Homeowner's Guide to Emerald Ash Borer

Situation Awareness Level: CRITICAL​

Emerald ash borer (EAB) kills ash trees native to North America and has now spread across all of Saint Paul. Tree mortality is becoming increasingly apparent and when ash trees begin to die, they dry out and become brittle and hazardous. The time for residents to take action is NOW! The longer you wait, the more hazardous the tree will become to you, your neighbors, and your property and the more expensive it will be to manage the problem. 

The purpose of this guide is to inform residents of strategies for ash tree management.

What should you do about Emerald Ash Borer (EAB)?

  1. Determine if you have an ash tree:
  2. With all of Saint Paul now infested to varying degrees, you should decide now what to do with your ash tree before it is too late. Unfortunately, there are very few options for managing emerald ash borer (EAB):Insecticidal trunk injection for EAB
    • Chemically treating your ash tree with an insecticide is a viable option if...
      • You value your ash tree and it is still in acceptable condition.
      • Your ash tree shows less than 30% decline in canopy (Note: some ash trees can be saved with up to 50% decline but chances are much reduced).
      • You want to buy more time to manage your ash tree.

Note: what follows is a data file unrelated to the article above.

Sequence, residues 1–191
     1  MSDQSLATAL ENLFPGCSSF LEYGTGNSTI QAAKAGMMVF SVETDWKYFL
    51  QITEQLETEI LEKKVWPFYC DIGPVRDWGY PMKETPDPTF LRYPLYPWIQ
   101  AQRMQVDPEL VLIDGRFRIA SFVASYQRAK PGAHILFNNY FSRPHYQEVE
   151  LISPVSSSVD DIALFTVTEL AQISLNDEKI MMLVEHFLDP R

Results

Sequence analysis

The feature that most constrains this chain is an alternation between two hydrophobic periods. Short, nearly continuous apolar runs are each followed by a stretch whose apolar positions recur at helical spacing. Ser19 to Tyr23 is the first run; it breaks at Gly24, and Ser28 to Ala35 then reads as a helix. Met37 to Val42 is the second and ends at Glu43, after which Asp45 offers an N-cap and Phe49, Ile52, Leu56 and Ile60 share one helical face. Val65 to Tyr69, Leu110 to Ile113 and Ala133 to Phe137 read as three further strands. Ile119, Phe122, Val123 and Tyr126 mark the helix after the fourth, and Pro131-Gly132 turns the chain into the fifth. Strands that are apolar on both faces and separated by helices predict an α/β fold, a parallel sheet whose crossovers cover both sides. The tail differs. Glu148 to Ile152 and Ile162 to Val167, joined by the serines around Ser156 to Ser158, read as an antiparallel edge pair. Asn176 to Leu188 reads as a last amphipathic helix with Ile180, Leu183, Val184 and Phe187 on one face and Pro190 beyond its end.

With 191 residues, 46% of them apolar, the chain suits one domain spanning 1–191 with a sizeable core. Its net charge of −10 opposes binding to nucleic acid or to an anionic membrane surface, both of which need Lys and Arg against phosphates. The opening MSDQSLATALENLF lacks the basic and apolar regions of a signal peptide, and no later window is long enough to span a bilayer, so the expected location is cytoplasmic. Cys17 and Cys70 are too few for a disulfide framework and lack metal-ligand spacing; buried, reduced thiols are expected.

• You are committed to paying for repeat treatments for as long as you want to save your tree (depending on chemical chosen, treatments need to be re-applied every 1 to 3 years).
    • Consider removing your tree if...
      • ​You are not committed to paying for insecticide treatments.
      • Your ash tree is unhealthy, has poor structure, or is planted in an area unsuitable to its growth.
      • Your tree is already too damaged by emerald ash borer (EAB), i.e., >30% dieback. Treating the tree with insecticide will kill emerald ash borer (EAB), but likely will not save your tree if there is already too much damage. 
      • Your ash tree is dying, remove as soon as possible to avoid expected increasing costs and added exposure of damage to you and your property. DYING ASH TREES POSE A SAFETY RISK to you, your neighbors, and tree service companies.
      • You want to avoid use of pesticides in your landscape.
      • You want to get a jump at replanting for a new and diverse generation of trees.
  3. If you decide to treat your ash tree...
  4. Call the Department of Safety & Inspections for a current list of Saint Paul Licensed Tree Care Companies at (651)-266-8989.
    • ​​These companies are licensed by the city to ensure they have the proper insurance coverage and certification requirements. 
    • Most of these companies are able to either remove or treat your tree.
    • It is recommended to get at least two or three quotes for work as costs can vary.
  5. Consider planting a new tree in your yard.

Note that there is a quarantine regulating the movement of ash wood (logs, brush, etc.) between infested and non-infested counties in order to slow the spread of emerald ash borer (EAB). Click here for more information on quarantine boundaries and regulations.